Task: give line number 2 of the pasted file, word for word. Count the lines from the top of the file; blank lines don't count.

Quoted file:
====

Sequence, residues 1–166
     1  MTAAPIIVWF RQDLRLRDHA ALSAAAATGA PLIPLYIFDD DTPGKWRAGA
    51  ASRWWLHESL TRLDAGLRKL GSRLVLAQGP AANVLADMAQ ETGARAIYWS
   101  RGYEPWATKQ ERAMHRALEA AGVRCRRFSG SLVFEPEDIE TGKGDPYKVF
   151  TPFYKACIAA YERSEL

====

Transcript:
     1  MTAAPIIVWF RQDLRLRDHA ALSAAAATGA PLIPLYIFDD DTPGKWRAGA